http://www.poundland.co.uk/electronic-insect-terminator
     
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  10. Aug 7, 2015 #10

    Chippy_Tea

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    When I was searching for methods to kill fruit flies I read they like to lay eggs in the overflow from sinks so I regularly pour boiling water down both plug holes of my kitchen sink.
     
  11. Aug 7, 2015 #11

    terrym

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    Looking at one of my two new traps as I write.
    Sadly nothing in it yet
    :(
     
  12. Aug 7, 2015 #12

    MyQul

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    There's quite a few in my trap now. It's like a little morgue. I had the idea that if the traps were shallow then it might attract more flies. So I tried using some small saucer like dishes that I have but it didn't attract/catch one fly. I seems tall jars work much better than wide shallow dishes. May be the smell (or whatever attracts them) is more focused or something in tall and narrow and more dispersed in shallow and wide?
     
  13. Aug 7, 2015 #13

    Chippy_Tea

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    I put cling film over the top and poked some holes in it with a pen, I assume they land on it then go inside then cannot fly out.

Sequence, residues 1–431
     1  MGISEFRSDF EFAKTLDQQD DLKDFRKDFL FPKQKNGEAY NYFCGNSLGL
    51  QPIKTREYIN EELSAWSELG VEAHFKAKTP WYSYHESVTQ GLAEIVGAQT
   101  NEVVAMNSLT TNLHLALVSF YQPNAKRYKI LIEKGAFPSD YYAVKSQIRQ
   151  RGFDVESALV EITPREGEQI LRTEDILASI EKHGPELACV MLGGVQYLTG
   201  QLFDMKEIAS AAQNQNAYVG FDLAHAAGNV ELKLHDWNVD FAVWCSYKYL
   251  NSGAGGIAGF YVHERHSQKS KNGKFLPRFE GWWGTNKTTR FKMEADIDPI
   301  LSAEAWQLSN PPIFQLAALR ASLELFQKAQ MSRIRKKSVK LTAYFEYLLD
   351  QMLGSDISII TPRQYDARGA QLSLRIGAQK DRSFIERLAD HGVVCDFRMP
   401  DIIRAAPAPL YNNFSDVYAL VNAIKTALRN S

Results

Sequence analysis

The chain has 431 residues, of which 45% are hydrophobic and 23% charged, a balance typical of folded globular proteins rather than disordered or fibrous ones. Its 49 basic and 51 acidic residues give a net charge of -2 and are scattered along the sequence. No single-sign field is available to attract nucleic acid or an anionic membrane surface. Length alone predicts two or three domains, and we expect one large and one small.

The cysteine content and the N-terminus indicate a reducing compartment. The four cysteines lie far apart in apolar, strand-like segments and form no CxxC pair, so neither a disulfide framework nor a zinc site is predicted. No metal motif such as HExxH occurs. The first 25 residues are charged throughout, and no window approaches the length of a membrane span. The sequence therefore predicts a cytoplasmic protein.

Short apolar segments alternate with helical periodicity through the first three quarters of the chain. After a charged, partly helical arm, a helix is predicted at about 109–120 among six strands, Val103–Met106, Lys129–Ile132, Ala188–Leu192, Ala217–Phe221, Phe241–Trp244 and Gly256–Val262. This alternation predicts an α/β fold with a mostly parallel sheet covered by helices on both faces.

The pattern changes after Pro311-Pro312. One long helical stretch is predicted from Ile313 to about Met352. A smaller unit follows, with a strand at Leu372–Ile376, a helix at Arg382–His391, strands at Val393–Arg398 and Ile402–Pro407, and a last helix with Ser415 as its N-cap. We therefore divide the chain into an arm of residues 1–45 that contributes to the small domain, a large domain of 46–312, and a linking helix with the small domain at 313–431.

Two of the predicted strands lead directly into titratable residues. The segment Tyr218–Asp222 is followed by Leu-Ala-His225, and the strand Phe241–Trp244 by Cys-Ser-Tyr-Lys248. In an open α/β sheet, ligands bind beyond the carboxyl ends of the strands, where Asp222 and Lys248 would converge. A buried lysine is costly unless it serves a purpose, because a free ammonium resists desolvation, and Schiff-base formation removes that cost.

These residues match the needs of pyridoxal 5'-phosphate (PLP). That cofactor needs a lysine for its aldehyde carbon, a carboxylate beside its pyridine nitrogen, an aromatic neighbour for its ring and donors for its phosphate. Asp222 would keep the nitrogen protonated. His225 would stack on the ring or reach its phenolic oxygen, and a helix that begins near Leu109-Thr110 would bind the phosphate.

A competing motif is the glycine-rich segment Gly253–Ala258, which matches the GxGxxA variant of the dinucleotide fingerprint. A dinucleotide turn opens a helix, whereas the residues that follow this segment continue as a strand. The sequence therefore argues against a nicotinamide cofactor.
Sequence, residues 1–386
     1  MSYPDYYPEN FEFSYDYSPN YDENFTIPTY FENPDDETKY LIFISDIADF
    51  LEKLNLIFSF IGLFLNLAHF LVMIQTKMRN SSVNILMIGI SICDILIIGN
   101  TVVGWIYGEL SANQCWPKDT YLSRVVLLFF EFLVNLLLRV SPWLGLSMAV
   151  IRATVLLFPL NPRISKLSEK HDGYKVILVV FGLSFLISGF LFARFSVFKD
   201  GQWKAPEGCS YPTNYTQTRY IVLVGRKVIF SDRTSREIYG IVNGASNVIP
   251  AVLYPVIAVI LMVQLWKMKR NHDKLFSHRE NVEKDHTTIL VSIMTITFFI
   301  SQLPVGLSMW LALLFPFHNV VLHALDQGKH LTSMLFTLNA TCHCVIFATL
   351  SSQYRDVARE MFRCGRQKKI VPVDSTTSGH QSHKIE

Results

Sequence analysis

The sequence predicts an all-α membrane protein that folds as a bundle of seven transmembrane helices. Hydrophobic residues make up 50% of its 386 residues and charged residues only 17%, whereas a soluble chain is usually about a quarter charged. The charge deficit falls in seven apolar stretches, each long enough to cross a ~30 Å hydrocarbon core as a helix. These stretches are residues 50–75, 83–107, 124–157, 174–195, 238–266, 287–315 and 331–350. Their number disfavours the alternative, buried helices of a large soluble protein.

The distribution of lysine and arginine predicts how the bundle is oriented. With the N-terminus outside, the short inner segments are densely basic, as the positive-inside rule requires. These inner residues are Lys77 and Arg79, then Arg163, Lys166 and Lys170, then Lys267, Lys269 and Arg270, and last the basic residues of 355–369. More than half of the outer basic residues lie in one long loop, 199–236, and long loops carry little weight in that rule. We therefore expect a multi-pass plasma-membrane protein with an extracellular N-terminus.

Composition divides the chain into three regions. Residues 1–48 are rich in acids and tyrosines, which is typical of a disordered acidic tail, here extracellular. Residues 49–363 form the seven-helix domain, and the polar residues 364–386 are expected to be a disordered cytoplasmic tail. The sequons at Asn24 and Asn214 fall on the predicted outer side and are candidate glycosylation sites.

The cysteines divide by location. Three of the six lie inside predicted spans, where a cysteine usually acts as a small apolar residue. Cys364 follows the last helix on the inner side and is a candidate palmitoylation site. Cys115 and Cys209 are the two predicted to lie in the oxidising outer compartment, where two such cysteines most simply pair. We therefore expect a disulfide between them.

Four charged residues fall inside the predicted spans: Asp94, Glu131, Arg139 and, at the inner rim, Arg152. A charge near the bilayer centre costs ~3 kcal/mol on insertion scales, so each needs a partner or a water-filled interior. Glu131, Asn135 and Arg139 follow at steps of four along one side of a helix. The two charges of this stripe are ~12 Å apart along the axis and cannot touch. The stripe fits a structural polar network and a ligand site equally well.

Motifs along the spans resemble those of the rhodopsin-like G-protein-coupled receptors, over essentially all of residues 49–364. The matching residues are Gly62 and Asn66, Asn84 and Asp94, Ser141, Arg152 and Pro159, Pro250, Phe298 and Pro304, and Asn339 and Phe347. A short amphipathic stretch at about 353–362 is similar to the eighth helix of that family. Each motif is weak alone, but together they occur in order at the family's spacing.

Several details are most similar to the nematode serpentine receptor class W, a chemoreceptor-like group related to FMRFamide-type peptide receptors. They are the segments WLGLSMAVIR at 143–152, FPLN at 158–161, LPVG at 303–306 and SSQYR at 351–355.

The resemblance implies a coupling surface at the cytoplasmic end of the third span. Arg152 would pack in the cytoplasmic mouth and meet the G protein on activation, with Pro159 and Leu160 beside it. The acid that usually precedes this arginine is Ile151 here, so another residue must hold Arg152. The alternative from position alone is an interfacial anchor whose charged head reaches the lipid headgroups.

14. Aug 7, 2015 #14

    McMullan

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    I like the sound of that. I've got one of those electric rackets for midges. I'm going to tape down the on button and leave it above my fruit fly trap :evil: Happy trapping!
     
  15. Aug 7, 2015 #15

    MyQul

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    "If you build it, they will come!" :lol:
     
  16. Aug 7, 2015 #16

    MyQul

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    I tried that but they didn't want to go in. May be the holes weren't big enough or something
     
  17. Aug 7, 2015 #17

    McMullan

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    Make a cone out of paper and place it in the jar, so that the narrow end is above the liquid inside. It's easy for them to get in, but not so easy for them to get out :twisted:
     
  18. Aug 7, 2015 #18

    Chippy_Tea

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    I guess it could be that or not enough of the juice smell is getting out and attracting them.
     
  19. Aug 7, 2015 #19

    Chippy_Tea

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    This seems a popular design but is a little big for my needs.


    [​IMG]



    [​IMG]
     
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  20. Aug 7, 2015 #20

    MyQul

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    Suppose you could always use a smaller water bottle.

    I just use an uncovered jar without any kind of top. The wee beasties seem to find the white wine vinegar irristable. The just crawl down the jar closer and closer to the vinegar then end up drowning.
    Perhaps they think they can sneak a drink by standing on the surface of the vinegar like they usually can with liquids but because of the washing up liquid fall through the surface tension and drown